Is Low Inflation Here to Stay?

Ahead of this morning’s UK inflation report, Morningstar’s Bob Johnson looks at demographic trends in the US that suggest inflation will be muted long term

Robert Johnson, CFA 15 August, 2017 | 9:29AM
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US inflation has now been below expectations for six months in a row, suggesting issues in the Federal Reserve's efforts to raise inflation rates closer to 2%. Indeed, the annualised month-to-month inflation rate has been under the Fed's 2% target for five consecutive months. There have been a lot of odd quirks that have pressured inflation rates in the monthly data since March but it seems that all of these quirks wouldn't keep popping up each month if inflation were really marching toward the 2% target.

Most economists, including us, had assumed that inflation would be quite a bit higher by now, perhaps up in the 2.5%–3% range instead of 1.6% rate we saw in July. We currently aren't even expecting that headline inflation to get back over 2% until May.

Many economists, including Fed Chair Janet Yellen, are rushing to use "quirks" such as falling hotel prices to explain the below-target inflation rates. If it were just one or two items they could be a plausible explanation. With new quirks popping up each month, we aren't so quick to dismiss all of them as special. Instead, it suggests to us that inflation remains relatively tame and that the inflation we are seeing is more sector-specific supply and demand issues rather than broad inflation with the pricing of everything going up at the same time.

US CPI inflation

Demographic Factors Limiting Price Rises

An ageing population tends to buy fewer things and less food, potentially keeping a lid on the demand side for goods. However, services inflation, especially healthcare, could pressure inflation on the upside. Offsetting that, retirees, especially younger, more mobile retirees, tend to have more time to comparison shop, potentially providing another governor on prices. And suddenly new retirees may find money more valuable than time.

While I am certainly not claiming any direct relationship, inflation peaked in 2008, about the same time the first baby boomer retired and has been surprisingly tame ever since. Greater energy efficiency may pressure energy prices downward for some time. Fiscal spending on the state and local levels of government also remains under extremely tight control.

Balancing everything out, over the next five to 10 years, we believe that inflation will likely end up in the 2%–2.5% range, higher than the current 1.6%, but certainly not a 1970s-like inflation free-fall when demographics, fiscal and monetary policies, output constraints, and commodity inflation all conspired to push inflation up and over a 15% rate.

Demographics and slower productivity have combined to keep GDP growth lower than normal. The growth in the working-age population has dropped to a crawl as baby boomers retire in droves. Productivity growth has been part of the issue, too. We have focused extensively on population growth in the past, deferring discussions of productivity because of the complexity of the issue.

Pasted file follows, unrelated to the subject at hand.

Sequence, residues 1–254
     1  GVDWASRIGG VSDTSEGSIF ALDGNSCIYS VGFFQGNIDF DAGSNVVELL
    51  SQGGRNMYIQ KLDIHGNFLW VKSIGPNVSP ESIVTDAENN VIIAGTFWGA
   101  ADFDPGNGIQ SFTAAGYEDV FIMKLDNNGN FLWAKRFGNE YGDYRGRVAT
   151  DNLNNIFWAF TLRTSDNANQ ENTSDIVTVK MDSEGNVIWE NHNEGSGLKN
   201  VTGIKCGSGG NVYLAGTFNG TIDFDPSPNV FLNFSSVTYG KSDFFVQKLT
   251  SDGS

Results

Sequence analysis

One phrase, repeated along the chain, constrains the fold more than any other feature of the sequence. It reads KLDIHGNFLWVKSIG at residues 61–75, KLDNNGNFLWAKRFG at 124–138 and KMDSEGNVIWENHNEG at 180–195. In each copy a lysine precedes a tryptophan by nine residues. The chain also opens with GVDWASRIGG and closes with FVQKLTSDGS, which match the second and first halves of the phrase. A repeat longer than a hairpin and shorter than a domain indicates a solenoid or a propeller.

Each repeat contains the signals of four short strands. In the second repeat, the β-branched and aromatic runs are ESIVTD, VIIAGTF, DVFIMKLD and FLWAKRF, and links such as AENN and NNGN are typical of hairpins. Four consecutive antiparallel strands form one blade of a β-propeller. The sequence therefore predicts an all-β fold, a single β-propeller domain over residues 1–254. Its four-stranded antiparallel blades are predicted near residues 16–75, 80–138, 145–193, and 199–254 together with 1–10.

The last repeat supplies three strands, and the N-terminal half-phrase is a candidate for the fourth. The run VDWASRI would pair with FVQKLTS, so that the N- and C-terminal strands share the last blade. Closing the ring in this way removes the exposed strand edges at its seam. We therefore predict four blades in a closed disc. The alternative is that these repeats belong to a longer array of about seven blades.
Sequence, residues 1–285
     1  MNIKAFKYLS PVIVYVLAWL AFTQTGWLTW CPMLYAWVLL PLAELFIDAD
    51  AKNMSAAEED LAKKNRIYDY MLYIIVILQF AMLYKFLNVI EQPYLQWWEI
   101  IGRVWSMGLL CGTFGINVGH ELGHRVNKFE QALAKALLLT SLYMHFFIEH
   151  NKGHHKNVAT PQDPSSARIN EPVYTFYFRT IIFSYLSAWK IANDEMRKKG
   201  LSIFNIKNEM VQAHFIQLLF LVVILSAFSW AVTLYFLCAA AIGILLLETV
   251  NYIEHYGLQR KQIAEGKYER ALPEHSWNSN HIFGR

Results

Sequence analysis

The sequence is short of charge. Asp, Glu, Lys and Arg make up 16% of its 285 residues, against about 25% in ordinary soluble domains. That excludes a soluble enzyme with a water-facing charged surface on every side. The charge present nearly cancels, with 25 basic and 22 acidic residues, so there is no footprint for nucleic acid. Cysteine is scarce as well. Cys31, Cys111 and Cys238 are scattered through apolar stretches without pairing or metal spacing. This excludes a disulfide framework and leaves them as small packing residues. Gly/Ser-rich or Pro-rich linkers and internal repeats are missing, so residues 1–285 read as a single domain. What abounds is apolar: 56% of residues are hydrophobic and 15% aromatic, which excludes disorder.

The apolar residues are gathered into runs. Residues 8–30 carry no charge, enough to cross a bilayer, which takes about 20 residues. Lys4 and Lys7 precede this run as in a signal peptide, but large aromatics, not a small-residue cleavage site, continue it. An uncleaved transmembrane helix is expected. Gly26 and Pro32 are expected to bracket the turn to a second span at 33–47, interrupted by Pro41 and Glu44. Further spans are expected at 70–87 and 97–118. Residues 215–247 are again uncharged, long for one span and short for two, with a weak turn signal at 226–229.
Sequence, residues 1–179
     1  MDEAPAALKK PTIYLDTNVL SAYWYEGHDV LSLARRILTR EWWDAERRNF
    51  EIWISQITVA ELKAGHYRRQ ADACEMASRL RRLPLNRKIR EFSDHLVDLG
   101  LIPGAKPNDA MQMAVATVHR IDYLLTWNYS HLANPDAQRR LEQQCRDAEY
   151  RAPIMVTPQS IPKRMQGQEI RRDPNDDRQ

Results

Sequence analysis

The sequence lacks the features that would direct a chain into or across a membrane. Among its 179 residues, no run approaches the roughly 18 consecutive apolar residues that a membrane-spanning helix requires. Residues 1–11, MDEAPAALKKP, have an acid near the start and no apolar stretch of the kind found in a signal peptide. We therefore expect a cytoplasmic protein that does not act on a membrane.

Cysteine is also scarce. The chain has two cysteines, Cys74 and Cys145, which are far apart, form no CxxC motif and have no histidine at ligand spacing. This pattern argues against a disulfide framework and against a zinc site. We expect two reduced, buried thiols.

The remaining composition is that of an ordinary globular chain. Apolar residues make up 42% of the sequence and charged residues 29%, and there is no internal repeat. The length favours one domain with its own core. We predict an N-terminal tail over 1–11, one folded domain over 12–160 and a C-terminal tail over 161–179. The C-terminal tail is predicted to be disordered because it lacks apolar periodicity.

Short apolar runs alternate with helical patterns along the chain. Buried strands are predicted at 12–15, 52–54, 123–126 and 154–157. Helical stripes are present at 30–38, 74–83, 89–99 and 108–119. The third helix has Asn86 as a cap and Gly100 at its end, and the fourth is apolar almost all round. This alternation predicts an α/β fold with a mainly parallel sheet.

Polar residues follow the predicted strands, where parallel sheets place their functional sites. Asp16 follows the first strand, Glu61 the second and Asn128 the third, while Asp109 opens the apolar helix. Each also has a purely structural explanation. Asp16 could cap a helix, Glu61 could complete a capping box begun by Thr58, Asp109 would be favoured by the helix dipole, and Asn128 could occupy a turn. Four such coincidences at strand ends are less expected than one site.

We have read convincing articles claiming it is a younger workforce, as a result of baby boomer retirements, that is paid less and is less productive. Others claim, equally forcefully, that greater regulation and compliance enforcement are behind the slowdown. A shift to more service-oriented businesses, which have more productivity, may also be at work. Finally, the fact that individual sectors are performing so differently isn't helping matters, either.

Industries that are growing slowly or shrinking tend to have the worst productivity numbers, employers are slow to lay off workers. Meanwhile, a lot of rapidly growing industries can't hire workers fast enough, forcing those who are there to work harder. This recovery has been characterised by the uneven nature of sector performance. If all industries were growing at the same pace, or at least close to each other, this would not be a major concern.

Maybe the overall performance since 2011 is not quite as bad as it seems. First, productivity held up incredibly well in the Great Recession. In the heat of the recession, a lot of laws were changed to give businesses more flexibility to trim labour. Despite the smaller-than-normal early recession drop, the immediate post-recession was every bit as strong as usual. That combination of a mild recession dip and normal boom made it difficult to eke out more gains later in the current recovery.

Productivity collapses in a recession as businesses cannot lay off workers fast enough. However, by mid-recession, businesses make the necessary labour cuts, causing productivity to bottom out. Then, when recovery begins, businesses are reluctant to hire new workers after just completing all those layoffs. And those who still have jobs are working extra hard to make sure they aren't the next layoff candidates.

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Robert Johnson, CFA  is director of economic analysis with Morningstar.

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